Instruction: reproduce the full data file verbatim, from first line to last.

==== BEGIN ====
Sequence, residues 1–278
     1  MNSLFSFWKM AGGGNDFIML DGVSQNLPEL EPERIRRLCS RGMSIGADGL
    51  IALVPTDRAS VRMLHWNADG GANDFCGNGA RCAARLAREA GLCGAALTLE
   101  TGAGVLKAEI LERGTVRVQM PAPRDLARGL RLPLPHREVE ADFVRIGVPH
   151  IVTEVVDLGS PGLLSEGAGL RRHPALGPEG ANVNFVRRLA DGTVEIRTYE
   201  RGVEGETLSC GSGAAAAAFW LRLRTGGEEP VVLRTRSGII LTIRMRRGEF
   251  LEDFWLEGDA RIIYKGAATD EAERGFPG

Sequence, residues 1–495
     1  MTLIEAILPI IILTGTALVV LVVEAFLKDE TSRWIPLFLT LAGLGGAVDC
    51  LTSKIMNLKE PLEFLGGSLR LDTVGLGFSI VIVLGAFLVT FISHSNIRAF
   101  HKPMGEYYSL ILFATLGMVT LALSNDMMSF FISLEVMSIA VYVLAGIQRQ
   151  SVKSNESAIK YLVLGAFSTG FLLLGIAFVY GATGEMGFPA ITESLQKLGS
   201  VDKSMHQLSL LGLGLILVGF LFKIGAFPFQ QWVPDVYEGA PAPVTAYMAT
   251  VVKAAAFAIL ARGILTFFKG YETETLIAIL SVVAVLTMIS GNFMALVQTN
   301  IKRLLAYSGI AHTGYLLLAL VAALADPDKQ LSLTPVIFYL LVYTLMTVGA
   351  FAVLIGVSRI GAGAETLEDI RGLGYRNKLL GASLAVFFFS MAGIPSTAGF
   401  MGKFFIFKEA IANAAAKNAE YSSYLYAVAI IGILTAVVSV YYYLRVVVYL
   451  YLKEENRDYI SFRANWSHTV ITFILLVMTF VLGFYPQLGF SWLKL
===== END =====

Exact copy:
Sequence, residues 1–278
     1  MNSLFSFWKM AGGGNDFIML DGVSQNLPEL EPERIRRLCS RGMSIGADGL
    51  IALVPTDRAS VRMLHWNADG GANDFCGNGA RCAARLAREA GLCGAALTLE
   101  TGAGVLKAEI LERGTVRVQM PAPRDLARGL RLPLPHREVE ADFVRIGVPH
   151  IVTEVVDLGS PGLLSEGAGL RRHPALGPEG ANVNFVRRLA DGTVEIRTYE
   201  RGVEGETLSC GSGAAAAAFW LRLRTGGEEP VVLRTRSGII LTIRMRRGEF
   251  LEDFWLEGDA RIIYKGAATD EAERGFPG

Sequence, residues 1–495
     1  MTLIEAILPI IILTGTALVV LVVEAFLKDE TSRWIPLFLT LAGLGGAVDC
    51  LTSKIMNLKE PLEFLGGSLR LDTVGLGFSI VIVLGAFLVT FISHSNIRAF
   101  HKPMGEYYSL ILFATLGMVT LALSNDMMSF FISLEVMSIA VYVLAGIQRQ
   151  SVKSNESAIK YLVLGAFSTG FLLLGIAFVY GATGEMGFPA ITESLQKLGS
   201  VDKSMHQLSL LGLGLILVGF LFKIGAFPFQ QWVPDVYEGA PAPVTAYMAT
   251  VVKAAAFAIL ARGILTFFKG YETETLIAIL SVVAVLTMIS GNFMALVQTN
   301  IKRLLAYSGI AHTGYLLLAL VAALADPDKQ LSLTPVIFYL LVYTLMTVGA
   351  FAVLIGVSRI GAGAETLEDI RGLGYRNKLL GASLAVFFFS MAGIPSTAGF
   401  MGKFFIFKEA IANAAAKNAE YSSYLYAVAI IGILTAVVSV YYYLRVVVYL
   451  YLKEENRDYI SFRANWSHTV ITFILLVMTF VLGFYPQLGF SWLKL